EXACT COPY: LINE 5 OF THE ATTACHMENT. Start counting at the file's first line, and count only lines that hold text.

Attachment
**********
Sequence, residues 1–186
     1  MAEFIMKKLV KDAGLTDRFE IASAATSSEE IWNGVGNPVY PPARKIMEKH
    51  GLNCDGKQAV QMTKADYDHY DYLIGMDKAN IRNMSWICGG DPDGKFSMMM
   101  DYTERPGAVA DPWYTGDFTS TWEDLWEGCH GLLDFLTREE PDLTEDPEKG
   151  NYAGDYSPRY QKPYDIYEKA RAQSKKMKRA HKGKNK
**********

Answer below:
   151  NYAGDYSPRY QKPYDIYEKA RAQSKKMKRA HKGKNK